Until a few years ago, serious efforts to cut home energy consumption and waste were pursued by only a few builders, architects and homeowners. Energy was cheap, plentiful and resources seemed virtually infinite. Now, greatly inflated home fuel bills are a painfully constant reminder that the world’s fuel supplies are indeed limited, even with new discoveries and the us of tar sands in the U.S. and Canada.

Paying more for every type of fuel makes us aware that our disposable income is also finite and cannot be stretched to cover the inflationary spiral ahead of us. The increased costs of fuel have altered many people’s life­ styles. The Vermont homeowner who is now paying as much in energy costs as he or she does for the monthly mortgage payment (in some cases even more), has had to eliminate vacations altogether. The retired couple who moved to Florida on a fixed-income for the good life is now seriously strapped to make ends meet. And middle­ class working families are finding it difficult to maintain their standards of living.

While there are many houses out there today that have been constructed with se­rious energy conservation in mind, there are innumerable older homes that have had a retrofit here and a retrofit there, but overall they remain (or continue to be) energy sieves) A homeowner intent on retaining his or her disposable income to spend the way he or she desires can do so by reducing fuel bills.

Within this website are hundreds of ways to save big bucks on energy costs at home, while driving or getting a little recreation in.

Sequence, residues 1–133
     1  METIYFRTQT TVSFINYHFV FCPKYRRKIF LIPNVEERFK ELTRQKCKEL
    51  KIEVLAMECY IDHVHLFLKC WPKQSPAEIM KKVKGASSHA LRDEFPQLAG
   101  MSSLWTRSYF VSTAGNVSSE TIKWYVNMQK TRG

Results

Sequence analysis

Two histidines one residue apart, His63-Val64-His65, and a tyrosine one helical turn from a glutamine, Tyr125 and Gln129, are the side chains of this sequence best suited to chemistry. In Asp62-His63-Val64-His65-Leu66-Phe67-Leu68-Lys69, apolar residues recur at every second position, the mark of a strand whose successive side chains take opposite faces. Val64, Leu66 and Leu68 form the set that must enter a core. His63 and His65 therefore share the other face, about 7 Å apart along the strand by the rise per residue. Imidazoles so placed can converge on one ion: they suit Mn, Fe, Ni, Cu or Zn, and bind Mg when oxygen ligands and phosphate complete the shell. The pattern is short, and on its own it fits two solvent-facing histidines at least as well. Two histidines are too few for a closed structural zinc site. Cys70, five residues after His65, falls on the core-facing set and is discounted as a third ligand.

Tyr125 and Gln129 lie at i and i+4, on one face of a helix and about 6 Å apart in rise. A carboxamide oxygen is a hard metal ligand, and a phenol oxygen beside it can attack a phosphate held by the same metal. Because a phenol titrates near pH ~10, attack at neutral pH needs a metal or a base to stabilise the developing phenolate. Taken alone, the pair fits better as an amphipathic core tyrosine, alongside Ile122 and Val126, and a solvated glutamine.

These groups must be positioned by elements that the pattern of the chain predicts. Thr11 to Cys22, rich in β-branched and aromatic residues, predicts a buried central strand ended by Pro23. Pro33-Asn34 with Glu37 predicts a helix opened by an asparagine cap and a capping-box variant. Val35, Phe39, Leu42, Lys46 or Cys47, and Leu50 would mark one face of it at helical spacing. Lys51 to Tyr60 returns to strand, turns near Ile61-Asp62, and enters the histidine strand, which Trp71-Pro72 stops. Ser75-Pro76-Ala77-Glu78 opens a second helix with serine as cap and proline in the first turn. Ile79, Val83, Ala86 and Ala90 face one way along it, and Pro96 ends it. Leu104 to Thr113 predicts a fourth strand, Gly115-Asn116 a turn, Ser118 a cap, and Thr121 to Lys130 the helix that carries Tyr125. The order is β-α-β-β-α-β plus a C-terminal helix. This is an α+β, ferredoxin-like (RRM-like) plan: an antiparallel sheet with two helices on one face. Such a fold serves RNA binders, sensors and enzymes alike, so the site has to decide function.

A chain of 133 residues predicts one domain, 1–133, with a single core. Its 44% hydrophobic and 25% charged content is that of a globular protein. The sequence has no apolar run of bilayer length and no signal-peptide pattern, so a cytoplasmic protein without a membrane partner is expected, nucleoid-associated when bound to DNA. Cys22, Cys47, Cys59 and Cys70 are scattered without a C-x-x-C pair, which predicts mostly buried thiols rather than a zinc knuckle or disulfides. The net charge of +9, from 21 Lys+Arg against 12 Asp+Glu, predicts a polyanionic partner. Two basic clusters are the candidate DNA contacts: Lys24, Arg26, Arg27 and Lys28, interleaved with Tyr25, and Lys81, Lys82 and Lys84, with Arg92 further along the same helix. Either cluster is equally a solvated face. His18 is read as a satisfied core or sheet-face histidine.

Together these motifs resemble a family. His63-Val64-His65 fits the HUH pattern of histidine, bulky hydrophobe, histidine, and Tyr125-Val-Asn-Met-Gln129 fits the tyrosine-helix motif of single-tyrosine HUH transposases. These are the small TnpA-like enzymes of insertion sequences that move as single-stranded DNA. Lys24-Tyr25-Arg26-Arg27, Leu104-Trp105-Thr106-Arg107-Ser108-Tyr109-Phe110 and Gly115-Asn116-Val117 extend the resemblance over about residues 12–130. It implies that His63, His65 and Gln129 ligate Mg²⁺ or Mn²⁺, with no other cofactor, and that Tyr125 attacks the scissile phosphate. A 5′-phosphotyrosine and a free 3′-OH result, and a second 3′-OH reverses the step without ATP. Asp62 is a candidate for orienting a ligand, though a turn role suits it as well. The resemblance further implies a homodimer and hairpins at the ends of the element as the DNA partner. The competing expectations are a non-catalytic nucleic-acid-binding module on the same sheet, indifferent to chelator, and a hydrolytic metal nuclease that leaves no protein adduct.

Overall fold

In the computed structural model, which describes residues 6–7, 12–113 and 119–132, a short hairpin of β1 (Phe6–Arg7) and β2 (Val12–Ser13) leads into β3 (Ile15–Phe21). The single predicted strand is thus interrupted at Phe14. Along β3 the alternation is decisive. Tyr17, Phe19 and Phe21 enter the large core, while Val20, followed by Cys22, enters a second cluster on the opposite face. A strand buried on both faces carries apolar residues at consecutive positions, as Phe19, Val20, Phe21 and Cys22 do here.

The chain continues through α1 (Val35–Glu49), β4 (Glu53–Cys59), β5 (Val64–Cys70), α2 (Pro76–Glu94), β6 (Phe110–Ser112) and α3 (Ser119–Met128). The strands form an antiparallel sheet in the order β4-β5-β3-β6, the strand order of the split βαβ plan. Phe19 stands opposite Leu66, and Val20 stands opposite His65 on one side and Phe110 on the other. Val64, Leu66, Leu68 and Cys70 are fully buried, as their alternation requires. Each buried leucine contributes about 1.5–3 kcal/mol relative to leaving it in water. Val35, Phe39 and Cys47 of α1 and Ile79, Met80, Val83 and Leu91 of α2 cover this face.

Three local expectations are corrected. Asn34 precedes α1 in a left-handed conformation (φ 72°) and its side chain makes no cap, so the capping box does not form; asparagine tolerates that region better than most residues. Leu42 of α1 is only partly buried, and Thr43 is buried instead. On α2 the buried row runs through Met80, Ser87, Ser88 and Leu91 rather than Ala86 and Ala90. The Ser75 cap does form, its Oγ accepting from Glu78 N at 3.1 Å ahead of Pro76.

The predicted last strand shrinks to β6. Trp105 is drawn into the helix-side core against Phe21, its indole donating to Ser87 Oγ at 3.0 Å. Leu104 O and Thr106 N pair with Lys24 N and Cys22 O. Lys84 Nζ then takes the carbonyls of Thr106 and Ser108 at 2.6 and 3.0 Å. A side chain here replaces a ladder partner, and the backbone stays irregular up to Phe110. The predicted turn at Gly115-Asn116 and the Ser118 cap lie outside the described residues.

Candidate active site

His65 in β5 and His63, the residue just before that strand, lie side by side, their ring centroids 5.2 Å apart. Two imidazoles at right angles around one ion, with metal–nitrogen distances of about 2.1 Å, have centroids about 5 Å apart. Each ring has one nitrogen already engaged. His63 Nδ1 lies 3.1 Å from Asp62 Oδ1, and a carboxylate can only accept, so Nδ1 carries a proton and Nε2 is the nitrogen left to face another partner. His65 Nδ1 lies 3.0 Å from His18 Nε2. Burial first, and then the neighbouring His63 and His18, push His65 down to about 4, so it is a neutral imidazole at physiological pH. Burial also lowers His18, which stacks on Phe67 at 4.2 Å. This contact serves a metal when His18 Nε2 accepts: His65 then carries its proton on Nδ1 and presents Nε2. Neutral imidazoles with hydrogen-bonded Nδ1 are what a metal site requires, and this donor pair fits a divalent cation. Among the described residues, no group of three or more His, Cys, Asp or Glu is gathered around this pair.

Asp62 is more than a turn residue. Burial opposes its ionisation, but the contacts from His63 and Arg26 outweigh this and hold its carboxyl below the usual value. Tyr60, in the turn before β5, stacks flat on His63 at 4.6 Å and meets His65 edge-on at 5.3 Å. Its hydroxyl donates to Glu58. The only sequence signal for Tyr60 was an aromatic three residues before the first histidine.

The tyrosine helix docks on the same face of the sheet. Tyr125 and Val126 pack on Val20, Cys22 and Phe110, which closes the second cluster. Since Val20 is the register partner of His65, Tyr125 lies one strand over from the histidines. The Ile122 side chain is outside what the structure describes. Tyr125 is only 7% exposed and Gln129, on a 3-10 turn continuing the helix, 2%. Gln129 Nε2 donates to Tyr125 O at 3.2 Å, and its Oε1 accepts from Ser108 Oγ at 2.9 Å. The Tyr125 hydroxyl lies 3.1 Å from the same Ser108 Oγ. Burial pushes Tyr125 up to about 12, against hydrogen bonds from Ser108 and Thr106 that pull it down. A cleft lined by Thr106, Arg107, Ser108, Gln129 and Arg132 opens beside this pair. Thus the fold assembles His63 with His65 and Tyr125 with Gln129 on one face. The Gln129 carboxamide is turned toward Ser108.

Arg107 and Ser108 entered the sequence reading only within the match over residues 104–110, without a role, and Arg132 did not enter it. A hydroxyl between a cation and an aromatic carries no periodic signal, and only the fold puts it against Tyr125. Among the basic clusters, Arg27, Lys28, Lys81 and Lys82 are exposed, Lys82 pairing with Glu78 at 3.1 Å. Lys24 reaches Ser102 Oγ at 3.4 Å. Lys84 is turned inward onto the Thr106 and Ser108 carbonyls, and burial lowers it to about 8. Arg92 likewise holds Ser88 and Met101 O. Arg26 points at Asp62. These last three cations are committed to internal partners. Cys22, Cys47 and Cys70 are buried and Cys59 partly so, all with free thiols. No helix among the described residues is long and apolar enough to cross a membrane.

The website is expressly for people living in homes, apartments and condos who want to reduce their energy bills imme­diately. It takes into consideration those who are contemplating the purchase of a new or older home, and is also written for the person contemplating building an addition or converting interior space (attic/basement/garage) into a room or rooms, desiring to maximize energy conservation from the start.

There is no one method of energy conservation; there are many. But where does one begin? You can start anywhere in your home. But the main point is to close off all energy leaks. Then you should change the thinking of family members who might inadvertently be wasting or misusing energy and thereby adding to the monthly bill.

You can begin plugging the energy leaks at home with more insulation. This is a key area and no homeowner can hope to substantially reduce fuel use without a careful and complete study of insulation in the home. We describe the virtues of every type of insulation: we tell you how to apply insulation to finished attics, basement walls, hard-to-get-at crawl spaces and others places; we tell you how to check a so-called “insulated” house to ensure the maximum amount is in place. If you live in a cold area, for instance, and snow melts as soon as it touches the roof, you have a serious energy leak that may be costing you the price of a new camera or a weekend vacation each year.